The German government, following the lead of that country's strong Waldorf movement, researched the effects on children who started reading and maths earlier than seven compared to those who only started at seven. The effects were striking -- those starting at 7 fared consistently better in secondary education and as a result starting academic work at seven is now German national policy. A recent UN survey has caused panic in Germany about educational levels dipping -- in the direction of the atrocious levels in the UK and the US. Many German politicians are calling for earlier academic work again; meanwhile in the US and UK the obsession of educationalists and parents with giving children a "head start" leads instead to computer games for two-year olds and other insanities. This ignores the fact that the same UN survey found Finland to have the best educational levels: in Finland school starts at seven and includes lots of artistic work.

This seven-year old stage is not the only developmental stage Steiner primary schools take note of, however. Around the age of nine or ten children experience a greater sense of separation and individuality: the Waldorf curriculum sees this as important, but needing to be followed up with more conscious taking in of the world. The basis for science is laid in earlier classes with nature stories devised by the teacher, relevant to the child's environment -- such as sun and flowers having a conversation in character as Spring arrives. Ten year olds move on to "man and animal" stories of how different animals live their day, always relating and comparing them back to human beings. Higher classes move on to look imaginatively at the plant kingdom, and further on at the mineral world and on to elementary physics. These are always presented first as an experience or story, for the child to think about overnight, before coming to any abstract conclusions -- thus allowing the child to continue living with personal feelings and ideas through this age period.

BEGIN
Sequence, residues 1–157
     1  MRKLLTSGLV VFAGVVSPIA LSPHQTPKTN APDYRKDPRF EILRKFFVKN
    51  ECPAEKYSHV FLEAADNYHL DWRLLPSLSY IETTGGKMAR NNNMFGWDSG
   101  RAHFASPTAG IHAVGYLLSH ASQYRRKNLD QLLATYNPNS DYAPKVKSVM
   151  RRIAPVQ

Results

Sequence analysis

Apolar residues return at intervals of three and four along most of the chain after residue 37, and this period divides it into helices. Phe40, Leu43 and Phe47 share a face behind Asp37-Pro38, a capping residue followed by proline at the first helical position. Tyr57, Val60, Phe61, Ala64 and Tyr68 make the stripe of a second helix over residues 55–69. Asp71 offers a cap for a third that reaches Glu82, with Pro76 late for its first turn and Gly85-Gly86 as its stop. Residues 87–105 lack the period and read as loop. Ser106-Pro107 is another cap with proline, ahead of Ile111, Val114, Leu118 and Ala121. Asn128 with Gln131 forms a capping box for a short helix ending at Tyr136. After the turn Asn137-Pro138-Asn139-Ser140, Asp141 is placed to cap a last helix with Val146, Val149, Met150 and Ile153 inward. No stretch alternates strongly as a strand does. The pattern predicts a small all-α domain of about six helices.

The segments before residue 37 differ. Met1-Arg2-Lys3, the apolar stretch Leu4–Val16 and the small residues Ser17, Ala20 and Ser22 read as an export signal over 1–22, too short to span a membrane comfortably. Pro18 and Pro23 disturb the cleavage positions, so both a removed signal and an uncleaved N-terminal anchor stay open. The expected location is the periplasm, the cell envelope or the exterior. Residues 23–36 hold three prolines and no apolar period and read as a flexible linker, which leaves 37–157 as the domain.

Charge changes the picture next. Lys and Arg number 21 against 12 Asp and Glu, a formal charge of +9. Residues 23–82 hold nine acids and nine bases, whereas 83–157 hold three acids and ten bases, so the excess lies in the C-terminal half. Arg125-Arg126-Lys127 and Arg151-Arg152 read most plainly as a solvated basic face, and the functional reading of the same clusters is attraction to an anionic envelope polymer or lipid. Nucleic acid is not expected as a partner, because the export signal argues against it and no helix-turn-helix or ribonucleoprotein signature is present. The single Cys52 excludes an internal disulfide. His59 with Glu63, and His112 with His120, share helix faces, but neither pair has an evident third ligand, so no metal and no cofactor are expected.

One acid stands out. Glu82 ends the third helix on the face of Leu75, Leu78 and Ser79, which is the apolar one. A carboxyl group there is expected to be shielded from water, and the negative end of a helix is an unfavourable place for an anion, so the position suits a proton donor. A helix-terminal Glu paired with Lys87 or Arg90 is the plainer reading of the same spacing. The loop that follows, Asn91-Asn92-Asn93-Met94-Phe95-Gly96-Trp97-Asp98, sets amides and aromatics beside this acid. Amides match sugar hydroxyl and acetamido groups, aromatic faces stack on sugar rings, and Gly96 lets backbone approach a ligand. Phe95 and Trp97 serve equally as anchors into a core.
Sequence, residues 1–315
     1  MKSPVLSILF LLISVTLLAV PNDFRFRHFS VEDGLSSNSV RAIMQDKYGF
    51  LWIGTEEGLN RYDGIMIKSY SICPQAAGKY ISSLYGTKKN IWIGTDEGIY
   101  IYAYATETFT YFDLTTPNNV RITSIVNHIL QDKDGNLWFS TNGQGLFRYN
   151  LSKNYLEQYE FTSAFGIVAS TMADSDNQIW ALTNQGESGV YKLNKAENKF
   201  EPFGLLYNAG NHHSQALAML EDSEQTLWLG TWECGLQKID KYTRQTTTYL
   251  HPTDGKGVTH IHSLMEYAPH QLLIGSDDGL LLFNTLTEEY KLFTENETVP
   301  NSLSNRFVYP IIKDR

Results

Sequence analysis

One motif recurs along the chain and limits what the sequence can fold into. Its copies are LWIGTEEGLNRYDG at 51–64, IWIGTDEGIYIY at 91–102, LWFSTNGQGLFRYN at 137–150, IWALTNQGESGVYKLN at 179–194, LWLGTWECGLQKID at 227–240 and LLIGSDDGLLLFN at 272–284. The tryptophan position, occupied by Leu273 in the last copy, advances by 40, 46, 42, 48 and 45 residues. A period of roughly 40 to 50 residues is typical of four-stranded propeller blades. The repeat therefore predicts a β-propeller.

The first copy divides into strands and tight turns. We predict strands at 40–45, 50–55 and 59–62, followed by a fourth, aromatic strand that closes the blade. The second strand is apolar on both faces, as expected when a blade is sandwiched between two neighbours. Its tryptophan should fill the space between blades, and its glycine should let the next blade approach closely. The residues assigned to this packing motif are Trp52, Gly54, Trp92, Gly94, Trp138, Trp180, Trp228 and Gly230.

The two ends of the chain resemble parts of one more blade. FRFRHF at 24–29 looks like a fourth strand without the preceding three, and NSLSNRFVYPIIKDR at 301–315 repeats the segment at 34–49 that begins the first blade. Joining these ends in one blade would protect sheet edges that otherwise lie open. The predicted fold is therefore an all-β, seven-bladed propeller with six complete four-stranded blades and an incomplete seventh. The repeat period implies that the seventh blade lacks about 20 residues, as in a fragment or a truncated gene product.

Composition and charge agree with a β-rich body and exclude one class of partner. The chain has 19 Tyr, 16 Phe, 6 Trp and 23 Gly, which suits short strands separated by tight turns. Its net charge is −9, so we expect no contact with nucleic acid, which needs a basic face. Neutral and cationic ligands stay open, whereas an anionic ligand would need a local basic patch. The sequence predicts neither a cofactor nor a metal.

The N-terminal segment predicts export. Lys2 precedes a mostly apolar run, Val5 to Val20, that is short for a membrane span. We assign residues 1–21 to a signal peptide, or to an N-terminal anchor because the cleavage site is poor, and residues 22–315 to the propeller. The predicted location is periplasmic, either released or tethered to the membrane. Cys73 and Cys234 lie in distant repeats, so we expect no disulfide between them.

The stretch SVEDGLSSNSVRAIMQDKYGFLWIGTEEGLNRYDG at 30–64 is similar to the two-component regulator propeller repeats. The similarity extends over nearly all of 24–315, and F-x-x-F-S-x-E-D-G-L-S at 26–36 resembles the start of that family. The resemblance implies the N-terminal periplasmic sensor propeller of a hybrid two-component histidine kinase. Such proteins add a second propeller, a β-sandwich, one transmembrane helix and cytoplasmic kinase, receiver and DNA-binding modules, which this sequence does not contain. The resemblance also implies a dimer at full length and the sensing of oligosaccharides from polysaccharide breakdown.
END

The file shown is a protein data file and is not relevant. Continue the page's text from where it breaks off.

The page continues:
Nine-year olds are also helped to "take hold of the earth" with gardening and housebuilding lessons and practical crafts. These are all mere examples: the curriculum for the primary school works in a clever, integrated way across the board to meet the needs of children at this primary age. It demands real artistry from the teacher but can be immensely rewarding as the children really live in to their own creativity. And the fruits can be seen in the high school. An example I've recently been involved with is the Shakespeare play of the fourteen and fifteen year olds (class nine). The last term really focussed on the play, with most other lessons cancelled (apart from some maths to keep the class grounded!) Each child was given the chance to play a major part, no matter their "natural talents" in a typically positive and affirming Waldorf way. This meant three different casts, something of a director's headache! The born actors shone; the shyly budding actors emerged and blossomed. And the children who would elsewhere have been labelled "special needs" struggled with their lines, worked with remedial help and somehow learnt their parts and brought them to life. The whole thing was achieved with a real sense of co-operation, responsibility, sensitivity to each other's needs and community that I found amazing in young teenagers.